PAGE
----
Lower costs keep September PVC expectations weak in India
Players in India are voicing their expectations of seeing more competitive PVC prices in the days to come as per ChemOrbis. This is mainly justified by falling production costs while the general demand status also lends to this view due to the ongoing monsoon season.
Import PVC prices in India have been on a softening trend since early June with prices losing around $30/ton on average in the last two and a half months, according to ChemOrbis Price Wizard.
This week, import offers edged further down due to a number of dynamics. Crude oil futures on the NYMEX touched as low as almost $43/barrel recently, hitting the lowest level seen since mid-March, 2015. Spot ethylene prices in Asia plunged around $110/ton on CFR Northeast Asia basis week over week, while most of the decrease appeared by the middle of this week.
Apart from feedstock markets, competitive Iranian, Brazilian and American PVC prices have been offered in India’s import market for some time now, which reinforces the pressure on the market. A trader based in India reported purchasing some Iranian PVC. He commented, “Sentiment is bearish and this is keeping purchasing amounts limited. In addition, the ongoing monsoon season is also hampering demand.”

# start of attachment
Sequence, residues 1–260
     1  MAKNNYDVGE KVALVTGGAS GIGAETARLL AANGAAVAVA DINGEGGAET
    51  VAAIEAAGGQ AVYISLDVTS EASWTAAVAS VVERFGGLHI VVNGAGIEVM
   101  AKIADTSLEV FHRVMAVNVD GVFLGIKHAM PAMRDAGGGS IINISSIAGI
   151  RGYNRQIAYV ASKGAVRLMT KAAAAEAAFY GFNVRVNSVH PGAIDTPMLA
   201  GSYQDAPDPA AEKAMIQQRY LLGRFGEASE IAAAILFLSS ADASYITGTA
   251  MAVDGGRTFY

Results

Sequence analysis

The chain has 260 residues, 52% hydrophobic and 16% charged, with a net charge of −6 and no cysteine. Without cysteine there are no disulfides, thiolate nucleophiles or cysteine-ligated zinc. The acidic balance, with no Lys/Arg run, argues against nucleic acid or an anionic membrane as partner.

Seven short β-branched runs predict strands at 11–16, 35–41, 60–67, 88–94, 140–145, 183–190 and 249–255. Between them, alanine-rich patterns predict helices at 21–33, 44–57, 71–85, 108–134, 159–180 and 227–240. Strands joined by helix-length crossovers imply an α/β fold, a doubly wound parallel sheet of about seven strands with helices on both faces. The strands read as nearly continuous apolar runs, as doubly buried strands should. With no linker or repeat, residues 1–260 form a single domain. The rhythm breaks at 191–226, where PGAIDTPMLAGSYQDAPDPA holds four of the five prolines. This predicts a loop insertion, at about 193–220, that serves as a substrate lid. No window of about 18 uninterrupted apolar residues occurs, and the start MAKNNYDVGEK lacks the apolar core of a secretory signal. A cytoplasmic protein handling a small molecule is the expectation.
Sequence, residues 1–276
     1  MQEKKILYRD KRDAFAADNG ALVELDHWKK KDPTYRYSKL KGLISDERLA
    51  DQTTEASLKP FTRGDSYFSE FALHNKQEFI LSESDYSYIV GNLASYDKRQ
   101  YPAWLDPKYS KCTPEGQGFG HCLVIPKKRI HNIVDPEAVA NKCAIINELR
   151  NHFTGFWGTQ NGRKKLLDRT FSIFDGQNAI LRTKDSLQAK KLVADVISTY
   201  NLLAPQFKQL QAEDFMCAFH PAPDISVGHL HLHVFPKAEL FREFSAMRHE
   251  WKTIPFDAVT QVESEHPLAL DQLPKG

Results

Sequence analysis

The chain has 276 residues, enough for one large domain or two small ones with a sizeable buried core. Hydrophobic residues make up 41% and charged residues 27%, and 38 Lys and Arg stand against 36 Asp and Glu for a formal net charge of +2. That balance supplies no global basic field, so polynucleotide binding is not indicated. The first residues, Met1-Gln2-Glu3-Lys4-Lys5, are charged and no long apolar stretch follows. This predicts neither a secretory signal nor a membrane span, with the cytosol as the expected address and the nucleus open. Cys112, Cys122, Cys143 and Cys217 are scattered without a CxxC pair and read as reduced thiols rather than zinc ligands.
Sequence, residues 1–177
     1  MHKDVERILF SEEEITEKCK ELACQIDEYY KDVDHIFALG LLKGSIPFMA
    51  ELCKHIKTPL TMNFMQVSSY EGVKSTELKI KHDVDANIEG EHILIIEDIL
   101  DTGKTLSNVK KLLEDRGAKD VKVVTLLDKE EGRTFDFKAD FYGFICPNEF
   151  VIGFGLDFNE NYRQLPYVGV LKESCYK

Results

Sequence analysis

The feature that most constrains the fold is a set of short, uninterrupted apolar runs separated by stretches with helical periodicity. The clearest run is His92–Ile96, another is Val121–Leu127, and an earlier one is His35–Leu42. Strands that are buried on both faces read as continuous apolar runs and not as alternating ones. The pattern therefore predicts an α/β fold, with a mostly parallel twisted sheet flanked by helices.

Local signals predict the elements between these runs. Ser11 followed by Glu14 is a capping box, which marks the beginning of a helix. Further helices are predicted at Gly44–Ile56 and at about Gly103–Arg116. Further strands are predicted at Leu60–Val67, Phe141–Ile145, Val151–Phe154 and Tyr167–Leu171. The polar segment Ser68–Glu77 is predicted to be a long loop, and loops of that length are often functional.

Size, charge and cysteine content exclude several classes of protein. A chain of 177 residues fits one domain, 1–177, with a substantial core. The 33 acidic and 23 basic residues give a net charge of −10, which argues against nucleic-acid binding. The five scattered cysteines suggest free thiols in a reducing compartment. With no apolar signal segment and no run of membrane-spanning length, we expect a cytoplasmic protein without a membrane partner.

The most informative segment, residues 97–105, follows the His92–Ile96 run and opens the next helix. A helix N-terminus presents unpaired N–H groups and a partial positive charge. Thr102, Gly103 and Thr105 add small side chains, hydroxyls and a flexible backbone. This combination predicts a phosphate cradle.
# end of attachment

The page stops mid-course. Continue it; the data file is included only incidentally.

Another trader who purchased some Iranian and acetylene based Chinese PVC this week argued, “Most pipe manufacturers are operating at around 50-60% of capacity and therefore not purchasing large amounts of PVC. Iranian PVC is very competitive while Chinese acetylene based cargoes are not attracting interest due to the high anti-dumping duties on this product. We believe that a Taiwanese major will lower their September offers by up to $30/ton given retreating ethylene costs.” Fresh September offers from the producer are widely expected to emerge early next week with some drops.
Another Indian trader confirmed, “Competitive offers for Iranian and Brazilian cargoes remain in place in the market. We also received an export offer from the US which would come to an attractive level on CIF India basis.”
According to ChemOrbis, a pipe maker stated, “Our operations are still affected by the monsoon which is expected to last until the end of September. We failed to ramp up our operating rates to 40% given weak demand. Meanwhile, if ethylene costs in Asia continue to plummet, we expect a Taiwanese major to return with price cuts.” Most pipe converters will have to replenish inventories in September since demand could pick up again in October, according to another buyer. Heavy rain has been causing floods in some parts of India for a while now.